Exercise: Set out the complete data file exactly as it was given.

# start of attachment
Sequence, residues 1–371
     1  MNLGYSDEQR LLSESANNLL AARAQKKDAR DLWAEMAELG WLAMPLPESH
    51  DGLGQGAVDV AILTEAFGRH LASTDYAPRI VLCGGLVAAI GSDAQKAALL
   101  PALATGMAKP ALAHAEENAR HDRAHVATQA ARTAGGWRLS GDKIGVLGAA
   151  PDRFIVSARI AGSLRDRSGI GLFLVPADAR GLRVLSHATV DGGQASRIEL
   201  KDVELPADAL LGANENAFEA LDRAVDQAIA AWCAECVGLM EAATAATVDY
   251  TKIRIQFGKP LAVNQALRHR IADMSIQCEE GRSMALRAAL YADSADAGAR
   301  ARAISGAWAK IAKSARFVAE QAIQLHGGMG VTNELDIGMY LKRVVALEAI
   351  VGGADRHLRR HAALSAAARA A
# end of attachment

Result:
Sequence, residues 1–371
     1  MNLGYSDEQR LLSESANNLL AARAQKKDAR DLWAEMAELG WLAMPLPESH
    51  DGLGQGAVDV AILTEAFGRH LASTDYAPRI VLCGGLVAAI GSDAQKAALL
   101  PALATGMAKP ALAHAEENAR HDRAHVATQA ARTAGGWRLS GDKIGVLGAA
   151  PDRFIVSARI AGSLRDRSGI GLFLVPADAR GLRVLSHATV DGGQASRIEL
   201  KDVELPADAL LGANENAFEA LDRAVDQAIA AWCAECVGLM EAATAATVDY
   251  TKIRIQFGKP LAVNQALRHR IADMSIQCEE GRSMALRAAL YADSADAGAR
   301  ARAISGAWAK IAKSARFVAE QAIQLHGGMG VTNELDIGMY LKRVVALEAI
   351  VGGADRHLRR HAALSAAARA A